Second-wave feminism included a strong tradition of socialist/anarchist feminism, third-world and women of color feminism, as well as radical feminism.
But the dominant ideas of the movement emphasized individual achievement and the possibilities for self-actualization inherent in the competitive, free-for-all marketplace and political system.
Liberal feminism addressed many different issues, but focused overwhelmingly on women’s right to compete with men on equal terms in the labor market.
While purporting to represent all women, mainstream feminism has primarily advanced the interests of women with higher education, so that after forty years of feminist activism, there is now an enormous class divide among women workers.
To understand how and why this has happened, Eisenstein traces the history of feminist ideas and politics in the context of the fundamental restructuring of the global economy and the rise of the neoliberal political order.
Taking globalization as the framework for describing this “sea change” in the world capitalist political economy, Eisenstein identifies deindustrialization, the rise of export processing zones in the global South.
Also, the growth of the service sector, the explosion of the financial sector, and the employers’ offensive against unions as key to the transformation of women’s relation to waged labor.
In the North, globalization entailed a precipitous decline in men’s wages, marking the end of the “family wage” for men who had often provided sole financial support in traditional male breadwinner marriages. At the same time, the rise of the service economy opened up a huge demand for low-wage, female labor.
In the South, the “new enclosure” movement threw women into an expanding labor market. Insofar as mainstream feminism had lauded paid employment for women as a route to escape the oppression of patriarchal marriage, feminism in the United States helped to create a new pool of labor that capitalist employers could use to cut costs.
Women’s willingness to enter the workforce in massive numbers allowed corporations to resist the pressure for wage increases.
And, by identifying freedom with paid work, mainstream feminism offered the perfect cover to multinational corporations exploiting women’s labor in free trade zones.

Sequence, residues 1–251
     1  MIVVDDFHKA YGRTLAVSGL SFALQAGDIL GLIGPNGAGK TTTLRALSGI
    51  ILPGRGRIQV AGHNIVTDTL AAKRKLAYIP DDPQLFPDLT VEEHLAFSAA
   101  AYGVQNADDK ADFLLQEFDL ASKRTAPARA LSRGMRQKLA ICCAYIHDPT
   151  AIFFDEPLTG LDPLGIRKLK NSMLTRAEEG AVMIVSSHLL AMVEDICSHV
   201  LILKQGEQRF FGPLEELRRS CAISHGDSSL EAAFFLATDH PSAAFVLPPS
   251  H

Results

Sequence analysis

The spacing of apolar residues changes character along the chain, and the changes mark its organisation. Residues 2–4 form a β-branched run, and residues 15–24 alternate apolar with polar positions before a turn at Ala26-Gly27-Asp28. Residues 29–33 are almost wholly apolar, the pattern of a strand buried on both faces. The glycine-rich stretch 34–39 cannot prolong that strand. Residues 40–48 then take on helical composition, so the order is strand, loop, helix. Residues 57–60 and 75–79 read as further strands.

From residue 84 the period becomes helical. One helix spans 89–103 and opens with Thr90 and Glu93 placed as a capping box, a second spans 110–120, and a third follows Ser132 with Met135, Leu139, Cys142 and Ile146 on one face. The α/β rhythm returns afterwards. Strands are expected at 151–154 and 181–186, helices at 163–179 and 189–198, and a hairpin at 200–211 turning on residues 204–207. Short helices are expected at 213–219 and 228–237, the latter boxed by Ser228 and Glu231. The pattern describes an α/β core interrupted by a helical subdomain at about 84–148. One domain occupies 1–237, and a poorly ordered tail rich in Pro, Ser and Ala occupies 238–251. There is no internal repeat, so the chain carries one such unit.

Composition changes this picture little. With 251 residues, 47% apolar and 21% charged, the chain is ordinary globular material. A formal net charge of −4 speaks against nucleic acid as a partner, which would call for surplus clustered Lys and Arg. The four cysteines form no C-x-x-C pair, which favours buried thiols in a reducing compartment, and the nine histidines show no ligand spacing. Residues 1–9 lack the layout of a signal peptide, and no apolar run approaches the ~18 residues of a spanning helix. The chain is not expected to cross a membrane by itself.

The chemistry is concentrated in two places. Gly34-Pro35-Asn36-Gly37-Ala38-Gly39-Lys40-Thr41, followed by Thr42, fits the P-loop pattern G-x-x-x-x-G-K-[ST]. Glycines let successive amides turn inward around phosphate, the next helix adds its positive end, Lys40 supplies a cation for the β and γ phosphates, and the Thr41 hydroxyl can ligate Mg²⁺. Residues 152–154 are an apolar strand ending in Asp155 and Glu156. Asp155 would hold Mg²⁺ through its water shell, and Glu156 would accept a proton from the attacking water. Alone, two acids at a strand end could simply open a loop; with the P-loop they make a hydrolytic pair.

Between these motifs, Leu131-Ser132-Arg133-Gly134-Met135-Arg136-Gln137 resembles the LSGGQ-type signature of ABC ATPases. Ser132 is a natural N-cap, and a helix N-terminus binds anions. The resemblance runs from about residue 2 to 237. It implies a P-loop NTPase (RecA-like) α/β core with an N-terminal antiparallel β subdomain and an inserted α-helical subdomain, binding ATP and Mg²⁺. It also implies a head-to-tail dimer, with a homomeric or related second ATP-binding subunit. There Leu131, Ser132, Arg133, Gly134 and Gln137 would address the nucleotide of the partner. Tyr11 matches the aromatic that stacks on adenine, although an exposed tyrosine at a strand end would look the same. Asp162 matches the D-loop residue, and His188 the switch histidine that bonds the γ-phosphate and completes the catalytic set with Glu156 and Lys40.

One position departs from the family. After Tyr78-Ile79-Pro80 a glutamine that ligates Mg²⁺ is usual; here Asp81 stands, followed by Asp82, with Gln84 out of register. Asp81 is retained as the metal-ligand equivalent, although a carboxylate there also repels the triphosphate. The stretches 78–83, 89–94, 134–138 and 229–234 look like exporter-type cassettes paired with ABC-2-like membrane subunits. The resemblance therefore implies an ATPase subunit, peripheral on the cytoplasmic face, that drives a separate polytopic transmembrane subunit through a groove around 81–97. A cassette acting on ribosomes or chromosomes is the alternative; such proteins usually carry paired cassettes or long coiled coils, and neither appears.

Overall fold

In short, feminism became the language of capitalist modernization.


Vittorio Arrigoni Kidnapped Palestinian Freedom Fighter Found Dead in Gaza

Kidnapped Palestinian Freedom Fighter Found Dead in Gaza

His body was found hours after the Islamist group, Tawhid and Jihad, claimed to be holding him hostage, in exchange for the release of their leader. As of April 15th, the group has released a statement saying that they deny having murdered him, but are pleased to see him dead.
Vittorio Arrigoni, an Italian Human Rites activists, who arrived in Gaza with the, Free Gaza, movement. He also wrote for the Italian Newspaper, Il Manifestoin addition to blogging on Guerrilla Radio.


Porn and Capitalism, We All Sell Ourselves For Money

...just a little.

By Sadie Ryanne.

Mainstream porn is exploitative and degrading. But it’s more complicated than that.

We should be focused on dismantling a society that forces us to sell ourselves, not one particular industry within that society – especially an industry that is currently (for better or worse) the livelihood for some of the most vulnerable people in our culture

A few months ago I signed up for a workshop for sex worker activists at HIPS and presented with the Red Umbrella Project.

It’s called “Personal Storytelling for Social Change” and encourages sex workers to tell their/our stories in the face of widespread ignorance about the realities of sex work.

I see it as claiming space within a dialog that is overwhelmingly dominated by non-sex workers, especially white, middle class, cis [on the same side] Christians and feminists.